Personally, I find the discussion of Kawhi’s stone-faced lack of emotion to be intriguing because it seems to be forcing journalists to explore a deeper understanding of his personality and what he brings to his team and the game. We are seeing stories extending into the players’ upbringing, high school coaches, community and family. In general, it seems we are getting a fuller, richer perspective on the athletes as whole people in an attempt not just to bring human interest or tabloid details but to better understand them as athletes. The links between character and sport are emerging. Could it be that the lack of typical sensationalist material, the easy stories that conflict, immaturity disguised as passion, and arrogance disguised as dominance provide, is forcing reporters to strive to better understand a deeper purpose to sport and athletes?

And I believe it isn’t a fluke that two teams marked by humility, shared and servant leadership, collaboration, and excellence have risen to the top. What prompted these teams to follow a path of integrity? Has professional sport finally reached a point of saturation where money is so plentiful that it has lost meaning resulting in a return to or quest for greater purpose? Or is it the coaches – Nick Nurse and Steve Kerr – who have facilitated cultures of respect and excellence? Perhaps the arrival of these two coaches and these two teams can give us hope that the good will indeed rise and will find one another.

I’ve always believed in the power of sport to educate participants, spectators and the world by symbolizing all that is good in humanity and the world. Sport at its best, represents collaborative challenge in the pursuit of excellence. As Giulianotti and Robertson describe: ‘sports, being mostly very local, have national and even supranational bearings, and therefore are good examples of “glocalization”’ (Giulianotti, Richard, and Roland Robertson eds. 2007; Giulianotti, Richard, and Roland Robertson, 2009; Robertson 1995; Robertson & Roland, 1995). The purpose of the nba final is to achieve great basketball, not a trophy or win.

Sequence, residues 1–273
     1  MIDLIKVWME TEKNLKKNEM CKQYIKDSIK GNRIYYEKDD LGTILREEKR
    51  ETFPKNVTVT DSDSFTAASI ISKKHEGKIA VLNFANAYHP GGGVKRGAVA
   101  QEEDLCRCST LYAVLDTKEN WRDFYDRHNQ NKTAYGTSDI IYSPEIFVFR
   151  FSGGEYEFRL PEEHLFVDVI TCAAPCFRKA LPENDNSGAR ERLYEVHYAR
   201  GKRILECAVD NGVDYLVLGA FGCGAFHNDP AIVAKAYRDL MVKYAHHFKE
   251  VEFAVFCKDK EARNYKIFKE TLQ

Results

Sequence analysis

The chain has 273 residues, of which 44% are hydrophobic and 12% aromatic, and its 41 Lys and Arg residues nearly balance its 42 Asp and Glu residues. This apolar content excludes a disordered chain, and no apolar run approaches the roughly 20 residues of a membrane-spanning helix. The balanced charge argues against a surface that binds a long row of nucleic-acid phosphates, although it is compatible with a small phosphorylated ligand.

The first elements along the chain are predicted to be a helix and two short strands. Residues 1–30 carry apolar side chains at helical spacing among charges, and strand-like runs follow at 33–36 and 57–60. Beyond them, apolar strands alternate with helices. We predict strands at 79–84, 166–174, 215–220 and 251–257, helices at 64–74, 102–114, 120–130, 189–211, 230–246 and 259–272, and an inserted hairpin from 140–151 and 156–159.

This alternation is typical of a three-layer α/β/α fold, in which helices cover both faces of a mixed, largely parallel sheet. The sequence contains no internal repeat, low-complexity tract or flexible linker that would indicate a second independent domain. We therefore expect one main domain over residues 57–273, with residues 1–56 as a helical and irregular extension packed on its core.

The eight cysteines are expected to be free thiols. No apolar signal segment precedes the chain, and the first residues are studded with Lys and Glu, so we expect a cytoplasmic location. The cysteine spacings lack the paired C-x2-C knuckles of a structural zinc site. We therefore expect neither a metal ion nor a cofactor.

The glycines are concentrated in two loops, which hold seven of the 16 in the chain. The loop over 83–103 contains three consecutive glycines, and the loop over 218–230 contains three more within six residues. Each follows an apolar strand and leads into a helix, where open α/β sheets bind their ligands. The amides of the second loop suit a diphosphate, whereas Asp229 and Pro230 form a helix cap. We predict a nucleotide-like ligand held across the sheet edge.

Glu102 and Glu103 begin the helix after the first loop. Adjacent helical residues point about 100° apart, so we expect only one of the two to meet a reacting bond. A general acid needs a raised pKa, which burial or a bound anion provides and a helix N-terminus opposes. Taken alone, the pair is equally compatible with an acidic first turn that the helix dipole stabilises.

How terrible and serendipitous that in the third game of this playoffs that the story would break of a fan pushing and cursing Kyle Lowry, the Raptors point guard, as he dove into the stands to fight for a loose ball. The NBA respoded quickly by ejecting, and then fining and banning the fan who, it turns out, was Mark Stevens, co-owner of the Warriors. Yikes. And yay! I was pleased to see a typical display of misogynistic violence occur in such a public forum so that it would be undeniably called out, and even more pleased to see a professional organization responsibly address the abusive and violent behaviour. I then watched as Draymond Green, purportedly the most violent and in-your-face player on the Warriors team, applaud Lowry and the NBA for their professionalism.

So once again these two teams are teaching us the meaning and purpose of sport. Thank you. The Warriors and Raptors have both already won our respect and admiration and no matter who wins the series, you have both achieved excellence in all its forms.